The possibility of a miscalculation in a confrontation between India and Pakistan represented the biggest danger of the world slipping into a nuclear war, one of Australia's leading defence experts believes.
Emeritus Professor Paul Dibb was answering questions from a packed audience after his address at the Australian National University on the risks of a war between the United States and China – a scenario which he maintained was highly unlikely.
But India and Pakistan presented a different set of circumstances.
"During the Cold War there were a set of rules which were understood by both the US and the Soviet Union," Professor Dibb said. "There was a significant warning time of a nuclear attack during which it could be aborted.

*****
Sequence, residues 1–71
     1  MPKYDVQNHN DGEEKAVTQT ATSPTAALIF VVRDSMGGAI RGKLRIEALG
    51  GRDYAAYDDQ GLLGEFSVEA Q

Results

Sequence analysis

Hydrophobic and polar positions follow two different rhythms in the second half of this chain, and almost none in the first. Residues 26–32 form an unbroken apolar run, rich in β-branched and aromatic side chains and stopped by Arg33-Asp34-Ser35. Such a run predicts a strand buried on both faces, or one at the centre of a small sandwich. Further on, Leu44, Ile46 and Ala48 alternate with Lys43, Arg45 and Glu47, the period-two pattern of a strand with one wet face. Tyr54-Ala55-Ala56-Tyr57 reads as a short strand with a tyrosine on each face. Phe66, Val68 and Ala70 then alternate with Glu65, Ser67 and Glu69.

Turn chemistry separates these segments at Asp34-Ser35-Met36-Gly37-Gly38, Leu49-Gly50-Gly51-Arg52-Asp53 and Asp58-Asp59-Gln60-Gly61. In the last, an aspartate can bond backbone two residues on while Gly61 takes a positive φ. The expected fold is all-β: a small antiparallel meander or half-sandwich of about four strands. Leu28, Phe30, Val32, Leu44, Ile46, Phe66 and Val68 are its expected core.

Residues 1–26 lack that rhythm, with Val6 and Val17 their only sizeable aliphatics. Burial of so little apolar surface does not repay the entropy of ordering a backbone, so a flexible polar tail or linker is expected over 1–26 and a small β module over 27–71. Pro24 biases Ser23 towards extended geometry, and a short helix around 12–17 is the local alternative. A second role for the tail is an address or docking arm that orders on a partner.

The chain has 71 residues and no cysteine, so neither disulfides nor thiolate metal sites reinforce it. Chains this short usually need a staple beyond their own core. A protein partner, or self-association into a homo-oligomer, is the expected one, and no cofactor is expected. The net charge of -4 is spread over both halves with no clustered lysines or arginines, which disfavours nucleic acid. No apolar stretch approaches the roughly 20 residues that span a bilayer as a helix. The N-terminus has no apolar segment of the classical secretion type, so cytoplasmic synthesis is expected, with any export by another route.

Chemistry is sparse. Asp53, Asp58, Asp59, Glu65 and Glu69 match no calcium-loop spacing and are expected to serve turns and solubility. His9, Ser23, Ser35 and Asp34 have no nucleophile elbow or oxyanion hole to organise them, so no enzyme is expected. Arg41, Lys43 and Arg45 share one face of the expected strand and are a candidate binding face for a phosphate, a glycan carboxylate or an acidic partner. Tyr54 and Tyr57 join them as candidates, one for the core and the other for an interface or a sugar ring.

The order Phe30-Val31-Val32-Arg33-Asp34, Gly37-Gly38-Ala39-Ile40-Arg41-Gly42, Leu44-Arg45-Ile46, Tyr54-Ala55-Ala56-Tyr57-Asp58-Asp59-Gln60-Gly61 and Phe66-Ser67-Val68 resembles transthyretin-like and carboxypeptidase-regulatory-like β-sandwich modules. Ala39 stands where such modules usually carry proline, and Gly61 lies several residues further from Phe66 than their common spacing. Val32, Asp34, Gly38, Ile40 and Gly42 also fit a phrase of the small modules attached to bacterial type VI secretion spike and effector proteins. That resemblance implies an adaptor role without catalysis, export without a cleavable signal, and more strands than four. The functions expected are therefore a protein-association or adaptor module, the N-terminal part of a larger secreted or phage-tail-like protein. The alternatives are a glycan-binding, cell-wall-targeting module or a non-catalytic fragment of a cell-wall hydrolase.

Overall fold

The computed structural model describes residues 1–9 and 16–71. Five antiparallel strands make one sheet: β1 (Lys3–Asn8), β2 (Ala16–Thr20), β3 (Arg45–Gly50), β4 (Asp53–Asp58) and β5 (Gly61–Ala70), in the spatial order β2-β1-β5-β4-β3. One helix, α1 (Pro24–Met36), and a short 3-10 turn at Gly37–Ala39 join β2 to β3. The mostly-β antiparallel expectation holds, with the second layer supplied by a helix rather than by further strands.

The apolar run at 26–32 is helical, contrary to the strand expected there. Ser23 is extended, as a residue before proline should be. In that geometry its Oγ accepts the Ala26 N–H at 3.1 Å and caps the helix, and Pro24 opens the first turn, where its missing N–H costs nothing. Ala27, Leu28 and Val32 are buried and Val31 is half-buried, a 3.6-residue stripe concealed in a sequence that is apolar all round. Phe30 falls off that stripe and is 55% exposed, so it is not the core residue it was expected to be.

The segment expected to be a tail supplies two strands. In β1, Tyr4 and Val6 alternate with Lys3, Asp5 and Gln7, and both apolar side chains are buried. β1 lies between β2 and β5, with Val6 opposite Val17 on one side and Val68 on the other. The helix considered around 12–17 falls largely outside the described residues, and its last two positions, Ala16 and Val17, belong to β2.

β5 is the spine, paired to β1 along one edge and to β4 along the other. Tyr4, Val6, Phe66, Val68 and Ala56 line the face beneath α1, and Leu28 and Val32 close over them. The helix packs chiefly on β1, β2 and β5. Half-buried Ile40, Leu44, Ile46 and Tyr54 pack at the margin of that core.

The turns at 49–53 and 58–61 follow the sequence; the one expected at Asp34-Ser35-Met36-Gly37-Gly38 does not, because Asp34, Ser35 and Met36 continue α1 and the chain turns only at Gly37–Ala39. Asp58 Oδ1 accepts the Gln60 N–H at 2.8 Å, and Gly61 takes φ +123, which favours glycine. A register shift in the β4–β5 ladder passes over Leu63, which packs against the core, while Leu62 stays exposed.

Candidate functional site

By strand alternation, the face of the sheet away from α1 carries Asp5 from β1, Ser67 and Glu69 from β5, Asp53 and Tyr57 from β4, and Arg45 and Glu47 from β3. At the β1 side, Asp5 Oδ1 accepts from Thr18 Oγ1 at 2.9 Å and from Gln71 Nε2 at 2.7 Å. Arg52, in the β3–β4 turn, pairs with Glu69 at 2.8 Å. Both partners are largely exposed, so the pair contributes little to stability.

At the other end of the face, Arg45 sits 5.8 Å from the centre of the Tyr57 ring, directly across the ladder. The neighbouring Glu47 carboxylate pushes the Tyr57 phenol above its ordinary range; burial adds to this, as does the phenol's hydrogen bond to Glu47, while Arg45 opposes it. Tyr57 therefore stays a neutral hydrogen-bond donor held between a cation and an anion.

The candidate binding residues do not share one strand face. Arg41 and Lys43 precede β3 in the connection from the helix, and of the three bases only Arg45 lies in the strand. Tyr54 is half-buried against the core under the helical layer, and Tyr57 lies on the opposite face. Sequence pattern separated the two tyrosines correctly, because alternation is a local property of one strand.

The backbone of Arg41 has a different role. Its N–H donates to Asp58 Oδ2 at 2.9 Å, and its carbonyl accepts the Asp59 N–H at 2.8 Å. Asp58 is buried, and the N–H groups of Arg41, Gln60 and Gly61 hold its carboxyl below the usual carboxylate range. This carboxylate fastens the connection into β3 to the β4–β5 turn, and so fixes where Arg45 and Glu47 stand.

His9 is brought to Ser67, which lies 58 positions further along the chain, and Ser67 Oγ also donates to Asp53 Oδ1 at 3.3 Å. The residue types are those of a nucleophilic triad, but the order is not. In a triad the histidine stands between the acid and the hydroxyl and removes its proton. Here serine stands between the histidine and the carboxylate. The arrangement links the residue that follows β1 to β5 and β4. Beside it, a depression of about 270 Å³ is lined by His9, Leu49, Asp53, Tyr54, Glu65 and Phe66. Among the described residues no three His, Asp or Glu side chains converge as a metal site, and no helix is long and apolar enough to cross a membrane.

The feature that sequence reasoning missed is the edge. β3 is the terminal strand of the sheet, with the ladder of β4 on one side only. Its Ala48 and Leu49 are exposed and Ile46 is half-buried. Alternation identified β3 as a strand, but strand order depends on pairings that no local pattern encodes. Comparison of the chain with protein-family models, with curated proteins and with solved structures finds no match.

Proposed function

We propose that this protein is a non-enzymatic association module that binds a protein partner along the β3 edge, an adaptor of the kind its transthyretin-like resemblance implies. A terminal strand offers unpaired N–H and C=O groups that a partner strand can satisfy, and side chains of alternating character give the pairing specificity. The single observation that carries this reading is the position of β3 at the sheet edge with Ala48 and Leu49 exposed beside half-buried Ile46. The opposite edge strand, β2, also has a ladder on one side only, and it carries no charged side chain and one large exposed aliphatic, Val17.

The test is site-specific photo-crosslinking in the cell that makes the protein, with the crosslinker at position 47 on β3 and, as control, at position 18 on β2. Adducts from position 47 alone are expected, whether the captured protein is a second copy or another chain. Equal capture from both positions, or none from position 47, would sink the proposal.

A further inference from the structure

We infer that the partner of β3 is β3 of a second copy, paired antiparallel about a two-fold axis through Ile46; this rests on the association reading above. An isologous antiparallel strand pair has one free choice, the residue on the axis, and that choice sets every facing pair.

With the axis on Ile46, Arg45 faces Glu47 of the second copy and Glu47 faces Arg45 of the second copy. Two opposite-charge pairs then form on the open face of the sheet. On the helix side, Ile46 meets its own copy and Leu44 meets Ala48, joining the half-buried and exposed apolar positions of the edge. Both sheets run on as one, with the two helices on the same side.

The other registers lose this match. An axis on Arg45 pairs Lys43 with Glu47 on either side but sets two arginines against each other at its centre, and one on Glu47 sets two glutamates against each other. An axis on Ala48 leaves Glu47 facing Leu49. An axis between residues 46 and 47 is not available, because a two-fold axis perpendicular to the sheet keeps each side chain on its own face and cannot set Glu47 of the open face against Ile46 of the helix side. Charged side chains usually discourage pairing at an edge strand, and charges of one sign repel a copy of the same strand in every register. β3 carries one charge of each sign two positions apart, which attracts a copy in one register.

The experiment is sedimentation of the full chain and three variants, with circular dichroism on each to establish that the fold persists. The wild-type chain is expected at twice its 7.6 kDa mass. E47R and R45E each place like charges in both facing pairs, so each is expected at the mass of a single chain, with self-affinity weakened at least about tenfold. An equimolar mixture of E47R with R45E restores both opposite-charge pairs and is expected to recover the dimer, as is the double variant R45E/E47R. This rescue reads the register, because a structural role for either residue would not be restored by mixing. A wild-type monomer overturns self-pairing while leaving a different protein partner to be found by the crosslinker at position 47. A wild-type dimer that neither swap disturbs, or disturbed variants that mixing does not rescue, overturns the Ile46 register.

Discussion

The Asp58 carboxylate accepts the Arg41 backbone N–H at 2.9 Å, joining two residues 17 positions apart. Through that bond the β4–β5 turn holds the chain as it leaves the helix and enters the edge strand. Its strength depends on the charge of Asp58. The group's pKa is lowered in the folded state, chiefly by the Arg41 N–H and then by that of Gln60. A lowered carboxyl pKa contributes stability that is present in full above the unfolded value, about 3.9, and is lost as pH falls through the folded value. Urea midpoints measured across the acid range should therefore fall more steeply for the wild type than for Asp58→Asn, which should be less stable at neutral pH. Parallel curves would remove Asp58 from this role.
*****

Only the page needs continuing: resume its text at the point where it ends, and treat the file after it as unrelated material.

"Between India and Pakistan these rules do not exist and the warning time is perhaps three or four minutes."
On the main topic he structured his address around four 'no's and two 'yes's.
No, there will not be a major war between the US and China
No, the US is not in inevitable decline, nor is China's continuing rise inevitable.
No, the US will not willingly concede its presence and influence in South East Asia
No, Australia does not need to arm itself for a possible confrontation with China
Yes, Australia needs to focus more on managing the peace in the region
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About the Author
Graham Cooke has been a journalist for more than four decades, having lived in England, Northern Ireland, New Zealand and Australia, for a lengthy period covering the diplomatic round for The Canberra Times.
He has travelled to and reported on events in more than 20 countries, including an extended stay in the Middle East. Based in Canberra, where he obtains casual employment as a speech writer in the Australian Public Service, he continues to find occasional assignments overseas, supporting the coverage of international news organisations.